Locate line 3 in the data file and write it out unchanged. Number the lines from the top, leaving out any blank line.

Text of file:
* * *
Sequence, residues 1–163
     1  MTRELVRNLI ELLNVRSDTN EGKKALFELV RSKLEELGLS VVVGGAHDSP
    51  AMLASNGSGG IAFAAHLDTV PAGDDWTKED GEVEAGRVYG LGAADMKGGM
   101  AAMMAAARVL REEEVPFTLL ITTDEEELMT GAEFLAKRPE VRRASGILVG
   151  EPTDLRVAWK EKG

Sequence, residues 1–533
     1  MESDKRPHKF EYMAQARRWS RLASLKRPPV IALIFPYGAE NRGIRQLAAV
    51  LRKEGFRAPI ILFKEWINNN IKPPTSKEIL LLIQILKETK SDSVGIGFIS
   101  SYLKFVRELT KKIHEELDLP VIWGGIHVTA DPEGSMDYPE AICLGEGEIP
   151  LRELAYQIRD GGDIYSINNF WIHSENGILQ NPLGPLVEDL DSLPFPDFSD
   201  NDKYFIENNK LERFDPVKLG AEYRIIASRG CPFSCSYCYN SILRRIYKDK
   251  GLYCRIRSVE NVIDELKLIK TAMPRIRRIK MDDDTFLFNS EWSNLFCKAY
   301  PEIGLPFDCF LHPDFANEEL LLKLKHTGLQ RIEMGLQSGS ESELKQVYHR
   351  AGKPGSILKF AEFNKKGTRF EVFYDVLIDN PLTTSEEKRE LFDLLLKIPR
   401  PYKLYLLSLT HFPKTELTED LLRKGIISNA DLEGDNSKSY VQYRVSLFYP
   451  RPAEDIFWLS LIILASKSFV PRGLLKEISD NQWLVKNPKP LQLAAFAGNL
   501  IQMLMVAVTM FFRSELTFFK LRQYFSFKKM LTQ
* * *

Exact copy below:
    51  AMLASNGSGG IAFAAHLDTV PAGDDWTKED GEVEAGRVYG LGAADMKGGM